The second challenge from pwnable.kr


Daddy told me about cool MD5 hash collision today. I wanna do something like that too!

ssh col@pwnable.kr -p2222 (pw:guest)


Let’s start off by peaking around.

col@ubuntu:~$ ls -lh
total 16K
-r-sr-x--- 1 col_pwn col     7.2K Jun 11  2014 col
-rw-r--r-- 1 root    root     555 Jun 12  2014 col.c
-r--r----- 1 col_pwn col_pwn   52 Jun 11  2014 flag

Similar layout to the previous challenge, fd. Can’t just cat flag obviously, so let’s dive into the provided source code again.

#include <stdio.h>
#include <string.h>
unsigned long hashcode = 0x21DD09EC;
unsigned long check_password(const char* p){
	int* ip = (int*)p;
	int i;
	int res=0;
	for(i=0; i<5; i++){
		res += ip[i];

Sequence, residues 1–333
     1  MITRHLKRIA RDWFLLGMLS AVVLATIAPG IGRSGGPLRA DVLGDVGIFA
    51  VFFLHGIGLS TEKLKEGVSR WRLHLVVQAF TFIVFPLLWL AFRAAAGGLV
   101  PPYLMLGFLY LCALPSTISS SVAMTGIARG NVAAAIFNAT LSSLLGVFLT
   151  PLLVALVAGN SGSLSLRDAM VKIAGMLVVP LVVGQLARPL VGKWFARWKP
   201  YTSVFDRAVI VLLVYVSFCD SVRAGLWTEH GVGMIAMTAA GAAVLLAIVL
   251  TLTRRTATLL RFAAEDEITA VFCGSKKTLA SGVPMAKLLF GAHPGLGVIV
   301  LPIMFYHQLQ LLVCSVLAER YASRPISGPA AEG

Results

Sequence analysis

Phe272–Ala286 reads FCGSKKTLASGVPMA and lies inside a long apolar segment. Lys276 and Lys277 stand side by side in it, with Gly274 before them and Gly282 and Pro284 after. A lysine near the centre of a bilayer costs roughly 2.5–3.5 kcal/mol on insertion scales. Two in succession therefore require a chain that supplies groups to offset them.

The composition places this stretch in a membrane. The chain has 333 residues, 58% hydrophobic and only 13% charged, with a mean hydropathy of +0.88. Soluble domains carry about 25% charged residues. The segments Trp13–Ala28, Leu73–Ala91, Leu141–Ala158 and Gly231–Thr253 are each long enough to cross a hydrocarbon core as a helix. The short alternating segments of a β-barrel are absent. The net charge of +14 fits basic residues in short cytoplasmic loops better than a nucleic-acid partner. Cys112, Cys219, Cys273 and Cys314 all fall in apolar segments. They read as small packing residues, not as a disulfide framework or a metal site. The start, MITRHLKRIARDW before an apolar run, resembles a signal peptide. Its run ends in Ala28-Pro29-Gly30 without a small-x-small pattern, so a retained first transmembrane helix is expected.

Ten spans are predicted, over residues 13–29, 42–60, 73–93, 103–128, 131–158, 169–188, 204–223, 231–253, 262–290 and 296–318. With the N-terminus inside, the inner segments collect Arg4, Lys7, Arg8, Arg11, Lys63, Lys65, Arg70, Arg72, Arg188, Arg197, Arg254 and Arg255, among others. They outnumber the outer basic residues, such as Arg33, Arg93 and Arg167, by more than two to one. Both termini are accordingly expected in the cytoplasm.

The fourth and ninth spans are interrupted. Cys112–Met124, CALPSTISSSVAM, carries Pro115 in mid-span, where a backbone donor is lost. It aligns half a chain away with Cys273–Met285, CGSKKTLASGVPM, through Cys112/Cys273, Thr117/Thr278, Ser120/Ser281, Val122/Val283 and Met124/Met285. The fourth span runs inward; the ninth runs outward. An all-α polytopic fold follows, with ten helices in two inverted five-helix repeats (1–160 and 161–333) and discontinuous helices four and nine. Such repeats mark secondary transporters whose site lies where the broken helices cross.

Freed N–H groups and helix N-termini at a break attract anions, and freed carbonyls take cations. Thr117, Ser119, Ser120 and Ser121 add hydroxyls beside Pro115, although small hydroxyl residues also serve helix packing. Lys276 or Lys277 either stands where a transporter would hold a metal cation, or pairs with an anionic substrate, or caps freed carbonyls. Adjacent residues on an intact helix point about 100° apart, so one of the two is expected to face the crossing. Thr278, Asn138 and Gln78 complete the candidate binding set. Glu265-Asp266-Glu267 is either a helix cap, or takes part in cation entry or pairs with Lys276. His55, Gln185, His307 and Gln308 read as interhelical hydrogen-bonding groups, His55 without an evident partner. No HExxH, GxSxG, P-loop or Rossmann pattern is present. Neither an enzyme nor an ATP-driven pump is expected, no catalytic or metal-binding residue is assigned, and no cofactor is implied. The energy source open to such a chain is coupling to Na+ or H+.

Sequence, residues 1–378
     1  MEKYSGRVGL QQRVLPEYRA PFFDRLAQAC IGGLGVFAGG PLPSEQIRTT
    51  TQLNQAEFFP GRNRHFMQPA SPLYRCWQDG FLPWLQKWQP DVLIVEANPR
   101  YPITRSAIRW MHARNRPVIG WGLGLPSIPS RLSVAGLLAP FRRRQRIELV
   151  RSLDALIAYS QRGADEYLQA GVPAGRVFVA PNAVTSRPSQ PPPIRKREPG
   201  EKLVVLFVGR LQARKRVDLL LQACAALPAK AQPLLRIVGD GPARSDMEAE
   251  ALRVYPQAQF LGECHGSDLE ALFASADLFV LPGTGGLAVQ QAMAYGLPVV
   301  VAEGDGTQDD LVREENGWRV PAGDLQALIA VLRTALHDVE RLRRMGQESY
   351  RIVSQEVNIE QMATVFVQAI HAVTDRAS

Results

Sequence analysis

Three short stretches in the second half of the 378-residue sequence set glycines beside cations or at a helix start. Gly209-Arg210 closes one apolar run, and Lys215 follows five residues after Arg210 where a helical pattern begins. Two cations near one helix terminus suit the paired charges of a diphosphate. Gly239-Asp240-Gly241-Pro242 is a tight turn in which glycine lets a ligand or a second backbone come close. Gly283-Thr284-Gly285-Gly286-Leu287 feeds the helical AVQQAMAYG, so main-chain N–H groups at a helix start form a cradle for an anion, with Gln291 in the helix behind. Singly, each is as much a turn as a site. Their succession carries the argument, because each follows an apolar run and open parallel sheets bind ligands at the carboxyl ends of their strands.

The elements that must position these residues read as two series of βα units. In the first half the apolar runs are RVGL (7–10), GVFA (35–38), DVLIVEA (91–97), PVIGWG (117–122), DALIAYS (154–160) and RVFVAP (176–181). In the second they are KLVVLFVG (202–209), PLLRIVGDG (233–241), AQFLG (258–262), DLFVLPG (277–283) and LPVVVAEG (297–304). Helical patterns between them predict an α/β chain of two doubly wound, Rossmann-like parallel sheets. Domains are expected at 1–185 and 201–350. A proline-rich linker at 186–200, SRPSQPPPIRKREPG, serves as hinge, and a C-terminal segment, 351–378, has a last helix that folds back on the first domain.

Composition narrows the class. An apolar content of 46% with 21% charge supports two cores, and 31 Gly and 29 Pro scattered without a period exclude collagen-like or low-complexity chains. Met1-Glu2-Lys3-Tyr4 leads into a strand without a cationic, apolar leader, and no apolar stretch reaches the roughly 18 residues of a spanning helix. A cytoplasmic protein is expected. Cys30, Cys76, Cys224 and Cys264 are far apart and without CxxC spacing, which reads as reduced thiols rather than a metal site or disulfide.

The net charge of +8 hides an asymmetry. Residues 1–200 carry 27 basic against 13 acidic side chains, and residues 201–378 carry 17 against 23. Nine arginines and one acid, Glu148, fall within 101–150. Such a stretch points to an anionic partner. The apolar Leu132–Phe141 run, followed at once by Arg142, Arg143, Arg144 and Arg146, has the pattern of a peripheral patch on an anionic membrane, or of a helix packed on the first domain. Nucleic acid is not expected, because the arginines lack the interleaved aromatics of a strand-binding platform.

return res;

int main(int argc, char* argv[]){
		printf("usage : %s [passcode]\n", argv[0]);
		return 0;
	if(strlen(argv[1]) != 20){
		printf("passcode length should be 20 bytes\n");
		return 0;

	if(hashcode == check_password( argv[1] )){
		system("/bin/cat flag");
		return 0;
		printf("wrong passcode.\n");
	return 0;

So, cat is being run on flag is the output of check_password, which takes in argv[1], is equal to hashcode, 0x21DD09EC.

Let’s attempt to pass in raw bytes using python. Accounting for endianness, a potential entry would be:

./col "`python -c "print '\xEC\x09\xDD\x21' + '\x00'*16"`"

But, we can’t pass in null bytes since C will read that as the end of the string, so we need modify our input to account for padding.

If we pad using 16 hex bytes equal to 1, then we need to subtract 0x04040404 from our target 0x21DD09EC, which comes out to 0x1DD905E8.

Capturing the Flag

col@ubuntu:~$ ./col "`python -c "print '\xE8\x05\xD9\x1D' + '\x01'*16"`"
daddy! I just managed to create a hash collision :)